What’s so special about The Voice UK?
If you gather a lot of creative people together then they become a lot more creative. That’s part of the ethos of The Voice UK. Everyone makes you better. A lot of these singers are the best singers in their towns, but then they come here and are up against the best singers in other towns. For the best ones that makes them better, they are suddenly in a world where they are not alone, they meet people with the same dream and that brings a lot out in you. It can bring out your competitive side, it can make you feel less trapped, you stop feeling like someone from Bournemouth or Leeds can’t make it. When I was 16 I remember watching Jarvis Cocker on the telly and thinking, oh right, someone like me can do it. It’s a good thing, it’s showing people they are allowed to do it, to give them the confidence to do it.
Have you been looking for anything specific this series?
No, I never am. I think that would be a very unwise thing to do. Obviously Will has an idea of who I should turn for and that’s usually a male voice in his 20s with a guitar. But I have heard a lot of those so they have to be extra special for me to turn for them. I was worried I would fill my team with big female vocals but this year I have a lot of interesting singers, in a good way.
Has the dynamics of the show changed having Paloma and George this year?
It’s changed every year I’ve been on it. I started with Kylie on the show, then Rita came on and now Paloma and George. I’m used to the change. It’s a different show but I think it should be different each year.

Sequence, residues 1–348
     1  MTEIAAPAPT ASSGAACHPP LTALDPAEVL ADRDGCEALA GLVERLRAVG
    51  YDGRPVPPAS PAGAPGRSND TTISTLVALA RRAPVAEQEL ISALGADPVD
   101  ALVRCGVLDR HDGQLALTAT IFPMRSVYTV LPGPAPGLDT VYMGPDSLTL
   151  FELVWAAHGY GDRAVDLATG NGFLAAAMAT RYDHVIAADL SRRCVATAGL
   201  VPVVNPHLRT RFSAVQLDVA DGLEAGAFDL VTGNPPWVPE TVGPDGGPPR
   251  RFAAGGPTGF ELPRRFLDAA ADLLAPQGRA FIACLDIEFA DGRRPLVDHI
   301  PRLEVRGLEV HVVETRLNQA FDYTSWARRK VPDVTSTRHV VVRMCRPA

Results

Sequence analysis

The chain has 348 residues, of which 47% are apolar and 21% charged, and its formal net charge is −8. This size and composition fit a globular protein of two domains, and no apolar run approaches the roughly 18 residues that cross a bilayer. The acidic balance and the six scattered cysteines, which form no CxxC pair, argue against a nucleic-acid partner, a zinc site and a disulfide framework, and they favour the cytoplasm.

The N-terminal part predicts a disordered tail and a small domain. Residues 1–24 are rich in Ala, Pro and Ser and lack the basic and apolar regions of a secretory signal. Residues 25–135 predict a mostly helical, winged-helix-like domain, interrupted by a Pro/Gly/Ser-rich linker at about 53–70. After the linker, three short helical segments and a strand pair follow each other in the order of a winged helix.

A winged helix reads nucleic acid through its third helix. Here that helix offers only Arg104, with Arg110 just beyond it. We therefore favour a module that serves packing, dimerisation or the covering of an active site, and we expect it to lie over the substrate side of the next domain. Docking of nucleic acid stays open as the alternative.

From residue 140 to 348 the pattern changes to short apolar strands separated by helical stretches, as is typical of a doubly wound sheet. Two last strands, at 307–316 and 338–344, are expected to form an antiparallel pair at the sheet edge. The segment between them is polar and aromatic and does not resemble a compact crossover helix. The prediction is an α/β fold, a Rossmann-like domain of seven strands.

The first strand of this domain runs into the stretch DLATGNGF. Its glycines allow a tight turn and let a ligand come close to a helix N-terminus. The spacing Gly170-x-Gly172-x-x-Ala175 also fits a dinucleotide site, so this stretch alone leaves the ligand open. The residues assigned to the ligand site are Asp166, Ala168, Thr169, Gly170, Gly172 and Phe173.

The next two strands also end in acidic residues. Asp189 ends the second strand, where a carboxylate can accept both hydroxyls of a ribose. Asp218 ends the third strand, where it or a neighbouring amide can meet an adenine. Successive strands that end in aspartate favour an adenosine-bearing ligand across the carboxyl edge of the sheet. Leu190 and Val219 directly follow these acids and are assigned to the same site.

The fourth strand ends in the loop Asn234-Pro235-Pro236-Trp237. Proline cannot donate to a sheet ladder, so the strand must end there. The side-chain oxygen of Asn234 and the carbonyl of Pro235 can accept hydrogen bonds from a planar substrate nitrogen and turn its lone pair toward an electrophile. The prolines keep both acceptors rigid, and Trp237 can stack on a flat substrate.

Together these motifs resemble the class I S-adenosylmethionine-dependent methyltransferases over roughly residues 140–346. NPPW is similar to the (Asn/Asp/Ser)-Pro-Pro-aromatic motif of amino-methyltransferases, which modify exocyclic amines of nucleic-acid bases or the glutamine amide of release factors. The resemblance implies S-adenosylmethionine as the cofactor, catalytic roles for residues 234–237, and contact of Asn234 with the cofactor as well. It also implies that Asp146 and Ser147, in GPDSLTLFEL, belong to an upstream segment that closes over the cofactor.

What do Paloma and George bring to the show?
They are great. I think they have both had the shock that I had when I first joined. You go into it knowing it’s a TV show and come out of it forgetting it’s a TV show altogether. It’s not a game, you get so emotionally invested in people. That’s what it becomes all about. I think that’s something which has definitely come as a shock to them.
What’s it like working with will.i.am?
Will is one of the most powerful music men in the world, I totally respect him. It was only when I started having playful fights that we started enjoying each other’s company a lot more. When we first started he was a lion and I was a kitten. I felt a little bit down and then someone told me to push back a little bit so I did and a big grin came across his face as if to say, ‘That’s what you should be doing’. He made me do that, he knew I had to do that in order to survive the process. He’s been very generous with me, I’m in an indie band from the north of England, I shouldn’t be on his radar but I am.
What’s your team like?
There’s a vibe to my team. I’ve always been the underdog but I feel like in my team I’ve got people who are not going to be the loudest at the party, but they don’t have to be because when they sing they shut the place down. When you are a good singer you don’t have to tell people you are, you show them.
Is success about talent or ambition?
I think there’s a lot more. For me, I think it’s about spirit, which takes in both of those things. There are voices I have heard that I think are incredible and then I hear voices where they hit a few bum notes but I think, ‘That’s food for the soul.’ I’d rather gorge myself on food for the soul than listen to someone who can get it right time and time again.
What do you think about the show moving to ITV? Is this really your last series?
I have been very happy at the BBC, so it’s not a snub to ITV or the show. It feels like a good time to move on. I’ve done everything I thought I could do. We’re going to go out with a bang.
How confident are you that your team can win?
My team are the dark horses of the competition, we’ll come in from the outside!